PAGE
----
Lack of emergency pet vet overnight

Our local pet vet (not equine) hospital no longer is open overnight. If you have an emergency with your dog or cat you can drive 60+ miles to another city or pay $50 for vet “telemedicine”. We’re all dreading that night when we have an emergency as happened to my friend last night. Her dog may have had a seizure but is okay today. Anybody out there dealing with similar conditions? Yes we know there is a widespread shortage of vets, and corporations aren’t required to keep operating services they find unprofitable. The emergency hospital is corporate owned. Any ideas for us?

As small animal vet med culture changes, I think this will become more common. I think as pet owners we need to be more self sufficient and this would include euthanasia. Unfortunately, I think we also have to change our mindset i.e. how we view and value our pets. Sad but it’s reality. Human medicine is facing a similar issue. Capitalism and healthcare aren’t good bedfellows.


Emergency care 60 miles away is a hike, but not untenable except for those very emergent situations. Tele triage makes sense.

I’m curious how you see this working? How do you think people should be able to euthanize their pets? Are you envisioning using a firearm? Or…how? It’s not like any vet is going to be dispensing euthanasia drugs, or more than a miniscule fraction of owners have the wherewithall to use them.


Firearm would be the quickest and easiest. There are other methods as well. If folks want details, common sense and Google will help you out. This would be for those emergency situations that typically occur over holidays, weekends, nights. Obviously, those who live in more rural areas or deal with livestock will have more resources and ability to dispatch an animal. It’s not a question of a vet dispensing euthanasia drugs; they wouldn’t nor would I ask.


There is an emergency clinic in my area, but they’re not open 24 hours every day. If there was an emergency during one of the days or nights they’re not open, I would have to do a longer drive. There are 2 clinics that are 24/7 and they’re both about 1 hour away.

There was a time I had to take a cat to one of the farther away clinics. The care was fine but it was a very long wait. The whole visit (arrival to departure) took about 8 hours and there was the drive on top of that. I’m sure the long, stressful day wasn’t a good thing for my kitty that was sick.

When we had a 24/7 E-vet it was an hour from my house so to me an hour drive to an E-vet is normal and typical and not a huge deal.

That E-vet closed and only does regular hours now.

The next closest E-vet is a couple of hours away and from what I hear it is always at capacity and not taking anyone else.

This is a problem everywhere and I hate it.

To clarify something, I do not live in the middle of nowhere. I just happened to live in a suburb on the other side of the city from what was the E-vet and the drive, even in the middle of the night, took an hour.

My horse vet, that I use for all things horse, is an hour away too.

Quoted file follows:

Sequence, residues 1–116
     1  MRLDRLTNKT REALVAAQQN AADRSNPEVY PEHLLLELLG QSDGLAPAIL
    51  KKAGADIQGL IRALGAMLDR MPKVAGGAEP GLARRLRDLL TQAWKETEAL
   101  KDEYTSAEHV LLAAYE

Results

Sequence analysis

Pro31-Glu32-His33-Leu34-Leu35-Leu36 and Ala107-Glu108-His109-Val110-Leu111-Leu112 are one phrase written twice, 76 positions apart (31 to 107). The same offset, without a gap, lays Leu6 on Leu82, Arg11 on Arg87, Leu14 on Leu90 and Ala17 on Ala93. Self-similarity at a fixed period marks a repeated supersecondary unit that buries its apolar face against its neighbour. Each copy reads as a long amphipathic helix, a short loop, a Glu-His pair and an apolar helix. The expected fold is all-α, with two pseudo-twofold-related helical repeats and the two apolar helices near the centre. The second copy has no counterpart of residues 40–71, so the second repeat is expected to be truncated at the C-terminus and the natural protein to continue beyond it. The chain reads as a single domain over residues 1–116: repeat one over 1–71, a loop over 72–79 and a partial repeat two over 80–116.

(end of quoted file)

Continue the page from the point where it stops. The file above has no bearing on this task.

Edit to add - I understand why this change is happening. Does not mean I like it.
I feel for the vets at my small animal practice because they are not stuck with the need to do late emergency care on animals that previously would have already been taken to the E-vet.
I can not imagine how stressful it is to go to work on a Monday morning at the typical small animal vet office where there is no accessible E-vet anymore.


There’s any thread titled the great veterinary shortage which goes into a lot of this. It’s a multifactorial issue that can’t just be laid at the feet of “corporate” takeover. ER with is often extremely frustrating and unrewarding. Rising costs of business and rising cost of employees coupled with people who expect first rate care on a shoestring budget for their pandemic puppy can make for extremely toxic situations. Look up the case of a clinic in the northeast who offered relinquishment because a owner couldn’t afford emergency sx and advanced care and then got death threats via social media when the owner spun the story.

Also ER work is not for everyone. I’m a vet and I hate ER. A year of equine work and on call and I realized I didn’t want that life. I also hate the types of cases that come in on ER.

An hour drive is a big number in an emergency but overall a better situation than a lot of people.


A frightening situation, which has become a reality in many areas. I have consequently decided not to add to my four legged friends family.

Good Luck to everyone ~

@HPFarmette ~ I hope your friend’s dog is recovering without complications ~ Jingles & AO ~

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It’s definitely common all over. I’m in Ontario, the closest 24/7 small animal vet is about 40 minutes from me. For my sister and inlaws the closest emergency vet is a good hour and half drive. My parents decided not to get another dog since they’re about two hours from an ER.

The large animal vet that services the area that my parents live in will probably retire in the next 10 years. Once she retires my mom will have to decide whether she wants to board her gelding further south where I live, or be prepared to have my dad euthanize in an emergency. That aren’t strangers to this situation. For many years they lived on an island, water access only, about 30 minutes from the nearest town. A firearm was the kindest end for a few dogs in those years.